Nepal’s only International Airport faces fuel shortage


27th Sep, 2017 | Tourism Mail Crew


KATHMANDU, Sep 27: As a result of irregular supply from India Nepal’s only international airport, The Tribhuwan International Airport is facing shortage of the aviation fuel prompting ban on International airlines operating flights to Kathmandu from refueling.

The NOC’s ATF depot at TIA that has a storage capacity of 7,801 kilolitres is left with a stock of 1,742 kilolitres. With the daily demand of ATF hovering at around 650 kilolitres, the stock won’t last even three days.

Supply of ATF has been affected since the Indian government enforced goods and services tax, which requires data entry of each shipment at the customs point and the fuel tankers are stranded at border points for  six to seven hours due to delay in entry after automation at Indian customs points.

NOC’s stock started plummeting as supply from India was continuously affected after recent floods damaged trade routes in India and Nepal. Local level elections in Birgunj also hit the supply, Prem Prasad Acharya, managing director of NOC, told.

“We have yet to decide whether to stop the refuelling facility for international carriers, but NOC’s stock at TIA is plummeting and the remaining stock can cater to the demand of domestic airlines for only a month,” he said. Domestic airlines consume about 60 kl of ATF daily.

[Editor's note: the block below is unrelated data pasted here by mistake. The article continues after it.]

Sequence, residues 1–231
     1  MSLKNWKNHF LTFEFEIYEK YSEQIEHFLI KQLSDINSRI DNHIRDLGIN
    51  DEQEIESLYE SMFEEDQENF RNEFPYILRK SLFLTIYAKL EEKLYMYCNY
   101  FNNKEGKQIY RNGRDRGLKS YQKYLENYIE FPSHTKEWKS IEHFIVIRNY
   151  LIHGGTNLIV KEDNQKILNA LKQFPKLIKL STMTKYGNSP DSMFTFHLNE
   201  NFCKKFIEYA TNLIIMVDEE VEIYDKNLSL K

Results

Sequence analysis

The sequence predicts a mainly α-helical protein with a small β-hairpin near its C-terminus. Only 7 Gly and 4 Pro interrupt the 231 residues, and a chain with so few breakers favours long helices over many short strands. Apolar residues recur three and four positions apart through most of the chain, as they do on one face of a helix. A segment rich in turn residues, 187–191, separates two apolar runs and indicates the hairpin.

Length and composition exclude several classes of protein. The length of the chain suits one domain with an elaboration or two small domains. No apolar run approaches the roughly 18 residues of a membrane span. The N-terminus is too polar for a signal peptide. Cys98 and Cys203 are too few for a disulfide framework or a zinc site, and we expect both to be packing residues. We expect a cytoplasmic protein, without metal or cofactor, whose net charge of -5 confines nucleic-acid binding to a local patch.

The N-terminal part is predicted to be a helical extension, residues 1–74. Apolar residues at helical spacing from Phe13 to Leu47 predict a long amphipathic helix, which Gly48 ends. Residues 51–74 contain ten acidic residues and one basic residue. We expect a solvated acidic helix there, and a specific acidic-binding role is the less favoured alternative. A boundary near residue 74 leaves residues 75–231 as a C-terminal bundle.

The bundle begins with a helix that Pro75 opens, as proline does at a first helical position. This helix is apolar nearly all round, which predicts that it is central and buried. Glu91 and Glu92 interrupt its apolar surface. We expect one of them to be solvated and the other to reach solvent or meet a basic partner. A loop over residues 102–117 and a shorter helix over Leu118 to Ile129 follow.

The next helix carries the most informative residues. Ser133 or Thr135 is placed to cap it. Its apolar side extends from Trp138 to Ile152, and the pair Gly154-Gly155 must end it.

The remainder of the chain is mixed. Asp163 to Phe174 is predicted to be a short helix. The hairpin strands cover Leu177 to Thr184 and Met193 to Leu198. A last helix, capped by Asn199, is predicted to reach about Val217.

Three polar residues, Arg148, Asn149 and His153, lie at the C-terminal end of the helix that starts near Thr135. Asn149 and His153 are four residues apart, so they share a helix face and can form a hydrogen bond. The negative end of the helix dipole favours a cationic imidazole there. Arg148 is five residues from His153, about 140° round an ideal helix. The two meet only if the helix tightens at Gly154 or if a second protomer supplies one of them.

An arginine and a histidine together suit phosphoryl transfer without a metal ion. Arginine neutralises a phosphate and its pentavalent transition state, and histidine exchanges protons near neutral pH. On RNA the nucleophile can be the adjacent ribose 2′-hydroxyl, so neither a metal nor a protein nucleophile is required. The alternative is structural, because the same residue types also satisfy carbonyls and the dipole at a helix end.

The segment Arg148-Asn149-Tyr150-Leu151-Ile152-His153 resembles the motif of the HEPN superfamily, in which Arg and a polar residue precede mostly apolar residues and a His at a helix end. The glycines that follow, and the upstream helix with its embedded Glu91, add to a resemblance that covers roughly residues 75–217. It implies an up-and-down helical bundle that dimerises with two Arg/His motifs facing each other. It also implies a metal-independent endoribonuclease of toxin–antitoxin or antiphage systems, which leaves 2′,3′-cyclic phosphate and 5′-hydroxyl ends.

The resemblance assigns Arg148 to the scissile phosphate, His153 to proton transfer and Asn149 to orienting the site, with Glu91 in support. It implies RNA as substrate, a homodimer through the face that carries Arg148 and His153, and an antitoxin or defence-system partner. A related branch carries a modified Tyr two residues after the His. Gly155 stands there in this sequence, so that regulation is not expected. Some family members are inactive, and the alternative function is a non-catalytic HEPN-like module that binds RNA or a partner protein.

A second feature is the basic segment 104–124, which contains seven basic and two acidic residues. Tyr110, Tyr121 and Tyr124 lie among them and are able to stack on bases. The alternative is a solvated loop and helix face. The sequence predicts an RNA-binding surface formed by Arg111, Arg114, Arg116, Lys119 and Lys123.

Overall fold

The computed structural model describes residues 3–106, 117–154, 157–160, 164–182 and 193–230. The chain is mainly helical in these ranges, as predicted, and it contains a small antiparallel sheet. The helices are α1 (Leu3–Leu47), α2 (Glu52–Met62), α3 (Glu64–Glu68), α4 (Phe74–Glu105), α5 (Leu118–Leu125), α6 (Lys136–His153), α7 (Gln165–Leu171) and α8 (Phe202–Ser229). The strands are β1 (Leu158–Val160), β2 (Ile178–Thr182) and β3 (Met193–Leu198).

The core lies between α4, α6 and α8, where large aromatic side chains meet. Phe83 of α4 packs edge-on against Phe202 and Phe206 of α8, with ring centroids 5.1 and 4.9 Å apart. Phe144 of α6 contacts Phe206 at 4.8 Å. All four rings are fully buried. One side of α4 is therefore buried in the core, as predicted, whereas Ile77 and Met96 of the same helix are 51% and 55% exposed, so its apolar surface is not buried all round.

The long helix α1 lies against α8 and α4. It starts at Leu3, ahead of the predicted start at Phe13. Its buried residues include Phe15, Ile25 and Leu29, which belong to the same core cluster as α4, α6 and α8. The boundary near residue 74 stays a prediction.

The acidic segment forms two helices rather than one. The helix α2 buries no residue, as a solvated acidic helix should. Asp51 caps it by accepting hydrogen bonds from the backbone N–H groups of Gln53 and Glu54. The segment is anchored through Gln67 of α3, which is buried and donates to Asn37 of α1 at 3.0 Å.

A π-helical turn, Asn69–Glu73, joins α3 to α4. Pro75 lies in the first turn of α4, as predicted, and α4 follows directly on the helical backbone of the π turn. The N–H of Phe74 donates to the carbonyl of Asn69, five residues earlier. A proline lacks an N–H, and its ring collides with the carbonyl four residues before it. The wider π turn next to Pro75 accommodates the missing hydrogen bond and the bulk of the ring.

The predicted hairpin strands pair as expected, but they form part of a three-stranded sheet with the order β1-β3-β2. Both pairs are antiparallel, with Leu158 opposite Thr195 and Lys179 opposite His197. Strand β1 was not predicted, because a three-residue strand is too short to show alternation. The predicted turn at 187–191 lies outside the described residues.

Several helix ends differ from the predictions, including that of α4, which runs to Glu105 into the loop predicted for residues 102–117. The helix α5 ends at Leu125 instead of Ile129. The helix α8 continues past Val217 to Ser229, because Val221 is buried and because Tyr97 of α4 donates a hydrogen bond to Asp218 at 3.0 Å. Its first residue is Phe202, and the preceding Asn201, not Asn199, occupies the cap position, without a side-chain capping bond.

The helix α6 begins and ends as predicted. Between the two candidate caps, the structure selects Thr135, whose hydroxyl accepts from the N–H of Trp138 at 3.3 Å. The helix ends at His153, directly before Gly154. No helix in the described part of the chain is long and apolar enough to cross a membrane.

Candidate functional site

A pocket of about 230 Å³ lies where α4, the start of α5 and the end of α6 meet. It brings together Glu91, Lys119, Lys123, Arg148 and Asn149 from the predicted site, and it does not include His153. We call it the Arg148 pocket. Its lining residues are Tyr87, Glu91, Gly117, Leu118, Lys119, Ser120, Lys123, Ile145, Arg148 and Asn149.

According to Acharya, NOC has spoken to the Indian Oil Corporation — sole supplier of NOC — and the Embassy of India in Kathmandu through the Ministry of Foreign Affairs to increase supply to Nepal by providing necessary facilitation to ATF tankers at the customs points of India. NOC has also been talking to TIA management regarding shortage of aviation fuel.

“If supply does not smoothen tomorrow, we’ll not be able to provide refuelling facility to international carriers,” said Acharya, adding, “We may request TIA to issue ‘Notice to Airmen’ (NOTAM) if the supply situation from India does not improve.”

NOC had barred refuelling facility for international carriers citing fuel crisis from September-end 2015 to mid-February 2016, as the supply from India was disrupted during
that period.

Long distance international airlines had managed technical landing permit at the nearest airports, namely Lucknow, Dhaka and New Delhi as per their convenience for refuelling and continued their operation to Kathmandu.

There are 34 international flag carriers operating up to 106 flights daily to Kathmandu, according to TIA authorities.